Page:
Dr. Timothy Pennell cared about people and was a skilled surgeon who helped students at the Bowman Gray School of Medicine become skilled surgeons, his friends and family said.
“He had the most amazing patience,” said Dr. J. Wayne Meredith, the chief of surgery and chairman of the Department of Surgery at Wake Forest Baptist Medical Center. “He spent time with his students, and he heard everything they said and he put them at ease.
“It was a thing of beauty,” Meredith said, adding that Pennell was one of his mentors.
Pennell, 85, died April 13 at Salemtowne Retirement Community after a long illness, his son, Cliff Pennell, said.
“He was a wonderful dad,” Cliff Pennell said. “He was my best friend. He based his life on his family, faith and service.”
His oldest daughter, Melanie Pennell Broyhill, said her father was devoted to his children and grandchildren.
“As busy as he was, he always had time for you,” Broyhill said. “He was a real people person.”
Jennifer Pennell Gortney, Pennell’s youngest daughter, said that her father made connections with people.
“My dad was a great encourager,” Gortney said. “He always wanted his children to do well, and he encouraged them in whatever they were doing.”
A native of Asheville, the elder Pennell graduated from Wake Forest in 1955 and from Bowman Gray School of Medicine, now known as Wake Forest University School of Medicine, in 1960, according to his obituary.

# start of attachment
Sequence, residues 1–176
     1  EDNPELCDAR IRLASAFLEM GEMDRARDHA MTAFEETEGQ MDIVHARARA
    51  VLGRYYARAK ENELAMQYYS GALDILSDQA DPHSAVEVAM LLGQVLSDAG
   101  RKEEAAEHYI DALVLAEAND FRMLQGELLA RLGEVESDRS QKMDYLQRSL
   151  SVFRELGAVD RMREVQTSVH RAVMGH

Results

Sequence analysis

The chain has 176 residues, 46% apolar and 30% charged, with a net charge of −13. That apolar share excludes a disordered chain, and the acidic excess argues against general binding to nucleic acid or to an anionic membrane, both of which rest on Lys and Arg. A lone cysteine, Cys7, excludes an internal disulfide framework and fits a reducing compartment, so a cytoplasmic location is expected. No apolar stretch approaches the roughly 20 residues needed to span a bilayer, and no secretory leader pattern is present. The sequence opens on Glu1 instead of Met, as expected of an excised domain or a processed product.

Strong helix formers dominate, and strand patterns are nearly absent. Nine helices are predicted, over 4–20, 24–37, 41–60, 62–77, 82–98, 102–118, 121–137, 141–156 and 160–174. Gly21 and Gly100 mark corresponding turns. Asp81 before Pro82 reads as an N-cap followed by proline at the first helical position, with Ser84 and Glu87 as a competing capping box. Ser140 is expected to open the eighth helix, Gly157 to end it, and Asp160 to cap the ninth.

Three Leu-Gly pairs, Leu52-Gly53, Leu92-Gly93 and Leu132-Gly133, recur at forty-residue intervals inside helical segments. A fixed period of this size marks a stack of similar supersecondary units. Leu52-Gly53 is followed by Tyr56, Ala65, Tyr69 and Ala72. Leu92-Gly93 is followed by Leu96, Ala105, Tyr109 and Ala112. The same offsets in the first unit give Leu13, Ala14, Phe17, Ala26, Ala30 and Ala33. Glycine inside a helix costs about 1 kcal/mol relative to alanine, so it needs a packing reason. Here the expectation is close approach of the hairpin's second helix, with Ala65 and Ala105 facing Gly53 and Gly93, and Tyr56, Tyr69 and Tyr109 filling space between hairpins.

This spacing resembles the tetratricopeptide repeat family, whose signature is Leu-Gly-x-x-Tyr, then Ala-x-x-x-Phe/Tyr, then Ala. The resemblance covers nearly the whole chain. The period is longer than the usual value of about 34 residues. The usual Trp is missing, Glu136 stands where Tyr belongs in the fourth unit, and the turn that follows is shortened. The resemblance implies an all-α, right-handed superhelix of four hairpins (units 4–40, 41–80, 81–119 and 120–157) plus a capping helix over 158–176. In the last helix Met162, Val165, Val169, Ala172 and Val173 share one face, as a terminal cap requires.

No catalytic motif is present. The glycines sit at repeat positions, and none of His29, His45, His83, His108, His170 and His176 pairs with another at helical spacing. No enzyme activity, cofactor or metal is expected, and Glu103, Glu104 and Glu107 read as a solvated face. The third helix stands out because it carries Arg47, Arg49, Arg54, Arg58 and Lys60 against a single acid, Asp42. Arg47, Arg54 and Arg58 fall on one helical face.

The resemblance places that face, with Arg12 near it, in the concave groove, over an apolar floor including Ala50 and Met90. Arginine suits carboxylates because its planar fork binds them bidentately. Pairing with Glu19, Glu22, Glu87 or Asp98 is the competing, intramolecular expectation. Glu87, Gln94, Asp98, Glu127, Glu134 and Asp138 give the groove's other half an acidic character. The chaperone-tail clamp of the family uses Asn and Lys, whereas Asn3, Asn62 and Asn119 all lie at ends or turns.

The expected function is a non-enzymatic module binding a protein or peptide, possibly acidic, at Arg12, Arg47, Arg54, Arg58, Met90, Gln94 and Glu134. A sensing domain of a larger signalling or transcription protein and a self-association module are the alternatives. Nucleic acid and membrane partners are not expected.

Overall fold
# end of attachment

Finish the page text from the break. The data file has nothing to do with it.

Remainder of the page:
During his long career, Pennell served as a professor and instructor of surgery at the medical school as well as the chief of professional services and director and consultant of international health affairs at N.C. Baptist Hospital, his obituary said.
From 1982 to 2000, Pennell served as a director of the medical school’s director of Office of International Health Affairs. Pennell received the WFU’s highest honor, the Medallion of Merit, in 2005.
“I’m going to remember that everywhere Tim went, he spread peace, love and harmony,” said Meredith, who did his residency under Pennell from 1978 to 1986. “He helped people to work together and care about people everywhere.”
Dr. Richard Dean, a retired executive at Wake Forest University Health Sciences, called Pennell a gifted general surgeon.
“I have deep respect for him like everyone else who knew him,” Dean said, “because of his devotion to help other people.”
Pennell served for several years as the team physician for Reynolds High School, Dean said. Pennell also helped create sports medicine programs for the Winston-Salem/Forsyth County Schools, according to his obituary.
“I’ve never met anyone in my life in any role that was as committed to serving other people than Tim,” Dean said.